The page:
Still, this seems to have struck Sinedu as the ultimate slight and humiliation. Thus, around May 21 1995, she purchased 2 knives and a length of rope.
Then, on the night of May 28 1995, while they were sleeping, Sinedu entered Trang’s part of the suite, stabbed her 45 times with a hunting knife killing her, stabbed her friend Thao a number of times injuring her, and then hung herself.
Enmity is more powerful than appreciation
After the tragedy
A few days later, at a memorial service for both dead girls, the primary speaker stated it would not be right to judge Sinedu, as her feelings could never be known, beyond the inference that she was gripped by an overpowering turmoil. Indeed, Thao had explained that throughout that tragic day, Sinedu had crouched on her bed, crying so ceaselessly that she urged Trang to check whether she was all right. Trang did so, but when Sinedu replied she was OK, Trang knew there was nothing more she could offer.
Future ways of intervening in order to prevent this type of peril
The pre-eminence of Harvard is such that almost no-one outside its sanctum dares to question its judgments on any level. Perhaps this was why, when Harvard graduate Melanie Thernstrom, author of the book Halfway to Heaven, inquired as to this case, she found the administrators annoyed and dismissive. She did however discover the university had been apprised of Sinedu’s request to make friends with strangers. Those administrators she spoke with admitted this knowledge had alerted them to a potential problem, but they had failed to provide any type of counselling or support. In addition, though Sinedu did take one final exam on the day of her crime, she had obtained medical notes excusing her from two others.
Thernstrom then describes a series of similar murders or injuries at other universities. Each time, there had been strong evidence of aberrant tendencies, but, like Harvard, these universities had done nothing to reach their source until rage evolved into violence. She posits that more vigilance by such institutions of learning could lessen, in a significant way, the chances of horrors such as the one which occurred at Harvard that night, ending or damaging the futures of three fine, brilliant young women.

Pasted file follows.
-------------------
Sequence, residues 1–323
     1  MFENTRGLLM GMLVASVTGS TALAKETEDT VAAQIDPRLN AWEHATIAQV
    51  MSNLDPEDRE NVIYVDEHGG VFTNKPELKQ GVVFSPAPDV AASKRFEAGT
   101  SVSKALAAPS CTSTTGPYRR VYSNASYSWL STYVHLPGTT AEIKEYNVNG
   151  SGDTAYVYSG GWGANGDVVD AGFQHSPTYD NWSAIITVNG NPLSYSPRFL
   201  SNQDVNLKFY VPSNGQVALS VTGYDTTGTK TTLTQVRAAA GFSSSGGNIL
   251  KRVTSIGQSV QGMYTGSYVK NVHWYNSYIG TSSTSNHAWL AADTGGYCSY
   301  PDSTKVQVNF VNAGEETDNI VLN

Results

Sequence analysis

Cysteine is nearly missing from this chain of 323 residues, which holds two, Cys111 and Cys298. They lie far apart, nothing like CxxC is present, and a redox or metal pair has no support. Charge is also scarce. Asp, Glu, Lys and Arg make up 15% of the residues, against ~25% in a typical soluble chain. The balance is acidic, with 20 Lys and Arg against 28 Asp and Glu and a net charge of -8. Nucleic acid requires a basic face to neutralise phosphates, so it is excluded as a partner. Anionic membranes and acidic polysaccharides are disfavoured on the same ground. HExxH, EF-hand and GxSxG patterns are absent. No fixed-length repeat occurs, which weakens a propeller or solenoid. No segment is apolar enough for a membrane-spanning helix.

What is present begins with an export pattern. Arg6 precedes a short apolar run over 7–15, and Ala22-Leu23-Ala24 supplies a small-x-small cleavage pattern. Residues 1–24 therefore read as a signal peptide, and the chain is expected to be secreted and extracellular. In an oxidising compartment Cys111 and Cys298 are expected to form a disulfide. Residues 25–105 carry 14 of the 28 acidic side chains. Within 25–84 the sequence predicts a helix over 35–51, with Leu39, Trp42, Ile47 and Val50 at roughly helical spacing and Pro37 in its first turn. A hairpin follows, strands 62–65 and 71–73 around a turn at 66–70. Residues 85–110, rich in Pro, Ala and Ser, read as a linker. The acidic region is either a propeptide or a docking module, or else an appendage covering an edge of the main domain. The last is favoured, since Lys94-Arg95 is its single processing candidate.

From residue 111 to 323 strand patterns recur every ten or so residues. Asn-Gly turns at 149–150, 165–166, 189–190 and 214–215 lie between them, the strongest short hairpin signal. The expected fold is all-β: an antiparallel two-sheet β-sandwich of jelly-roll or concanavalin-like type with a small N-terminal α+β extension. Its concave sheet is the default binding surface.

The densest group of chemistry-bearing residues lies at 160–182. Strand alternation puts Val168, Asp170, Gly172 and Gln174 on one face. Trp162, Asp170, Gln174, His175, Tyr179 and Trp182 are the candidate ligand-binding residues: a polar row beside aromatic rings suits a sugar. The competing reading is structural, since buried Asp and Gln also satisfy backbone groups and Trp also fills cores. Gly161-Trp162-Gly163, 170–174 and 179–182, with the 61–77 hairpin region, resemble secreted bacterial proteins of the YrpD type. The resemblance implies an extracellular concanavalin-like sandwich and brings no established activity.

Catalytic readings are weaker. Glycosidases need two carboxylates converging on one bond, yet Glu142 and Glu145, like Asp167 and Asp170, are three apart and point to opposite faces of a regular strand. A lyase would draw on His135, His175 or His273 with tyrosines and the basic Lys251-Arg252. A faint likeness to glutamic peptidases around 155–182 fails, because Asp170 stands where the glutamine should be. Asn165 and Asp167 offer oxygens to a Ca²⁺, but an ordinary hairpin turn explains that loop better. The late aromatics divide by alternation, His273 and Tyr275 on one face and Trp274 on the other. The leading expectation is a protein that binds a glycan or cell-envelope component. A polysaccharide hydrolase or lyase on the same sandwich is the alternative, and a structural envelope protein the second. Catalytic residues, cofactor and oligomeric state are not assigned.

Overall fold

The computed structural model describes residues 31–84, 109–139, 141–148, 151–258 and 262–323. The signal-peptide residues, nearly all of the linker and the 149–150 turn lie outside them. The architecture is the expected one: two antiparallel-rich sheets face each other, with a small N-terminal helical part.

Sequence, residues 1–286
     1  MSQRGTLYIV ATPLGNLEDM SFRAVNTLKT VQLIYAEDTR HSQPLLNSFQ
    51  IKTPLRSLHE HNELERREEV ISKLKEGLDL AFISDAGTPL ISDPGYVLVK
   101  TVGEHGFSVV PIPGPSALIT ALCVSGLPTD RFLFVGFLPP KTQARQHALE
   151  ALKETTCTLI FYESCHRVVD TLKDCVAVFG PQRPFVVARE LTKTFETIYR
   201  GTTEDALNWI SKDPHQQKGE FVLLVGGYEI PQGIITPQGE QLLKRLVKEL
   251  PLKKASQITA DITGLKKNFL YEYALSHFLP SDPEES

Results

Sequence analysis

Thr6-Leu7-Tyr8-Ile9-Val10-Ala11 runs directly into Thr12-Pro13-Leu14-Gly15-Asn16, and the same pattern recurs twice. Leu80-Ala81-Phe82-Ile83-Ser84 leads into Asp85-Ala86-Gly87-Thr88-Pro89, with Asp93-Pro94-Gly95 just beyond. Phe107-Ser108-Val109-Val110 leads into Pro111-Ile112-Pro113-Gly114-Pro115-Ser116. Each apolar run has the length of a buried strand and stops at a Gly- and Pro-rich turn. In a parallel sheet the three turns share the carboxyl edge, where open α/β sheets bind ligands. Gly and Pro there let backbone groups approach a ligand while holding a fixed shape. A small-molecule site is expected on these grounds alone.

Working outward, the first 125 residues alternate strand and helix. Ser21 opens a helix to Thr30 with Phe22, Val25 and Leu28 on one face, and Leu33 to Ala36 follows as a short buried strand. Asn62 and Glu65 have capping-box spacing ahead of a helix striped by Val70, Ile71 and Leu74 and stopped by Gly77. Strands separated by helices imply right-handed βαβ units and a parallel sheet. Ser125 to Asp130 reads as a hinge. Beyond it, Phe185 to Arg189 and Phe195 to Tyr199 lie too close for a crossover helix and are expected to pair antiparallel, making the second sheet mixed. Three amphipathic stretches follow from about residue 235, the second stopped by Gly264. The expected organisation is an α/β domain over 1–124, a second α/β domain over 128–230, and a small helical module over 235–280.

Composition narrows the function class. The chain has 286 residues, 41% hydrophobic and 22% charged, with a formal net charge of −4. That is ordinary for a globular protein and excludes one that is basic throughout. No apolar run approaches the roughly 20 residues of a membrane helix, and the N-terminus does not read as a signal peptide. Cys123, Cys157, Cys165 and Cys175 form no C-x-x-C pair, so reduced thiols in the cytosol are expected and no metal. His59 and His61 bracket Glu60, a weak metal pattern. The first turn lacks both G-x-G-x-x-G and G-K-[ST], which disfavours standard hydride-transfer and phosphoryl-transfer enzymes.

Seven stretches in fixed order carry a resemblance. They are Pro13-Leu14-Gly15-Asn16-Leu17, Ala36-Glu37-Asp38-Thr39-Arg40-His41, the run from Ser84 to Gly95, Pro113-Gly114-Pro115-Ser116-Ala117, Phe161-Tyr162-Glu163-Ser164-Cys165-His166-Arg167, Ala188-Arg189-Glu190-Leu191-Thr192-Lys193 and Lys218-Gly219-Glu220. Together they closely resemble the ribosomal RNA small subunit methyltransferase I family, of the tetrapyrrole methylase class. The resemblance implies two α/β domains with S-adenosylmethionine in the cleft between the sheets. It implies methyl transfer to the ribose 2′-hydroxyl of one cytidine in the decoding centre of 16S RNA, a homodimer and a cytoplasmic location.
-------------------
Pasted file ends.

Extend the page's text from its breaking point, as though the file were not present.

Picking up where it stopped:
We feel shackled by the need to avenge
“I will never forgive you.”
It has been said that, in the U.S., the concept of revenge is viewed with discomfort. Words and phrases such as “justice” “principle” and “protection of others” often strive to camouflage naked emotion.
Hence, we are gripped by the candor of one mother whose daughter was shot and killed in a flagrant case of first degree murder. In a letter to the killer she wrote, “I will never forgive you”. In addition, she enclosed a picture of her daughter’s grave, and one reflecting her youthful loveliness, urging her murderer to hang this up in her cell, where she would be forced every day to consider the life she had taken. Similarly, in a British case, one mother of a murdered child said that if an imprisoned defendant were ever set free, she would track her down and kill her, whatever the legal consequences might be.
Listen to Swing Out Sister singing "Surrender" Waiting for love to take revenge. The lyrics and accent are truly unique.
These are some famous proverbs about retribution and vengeance
© 2014 Colleen Swan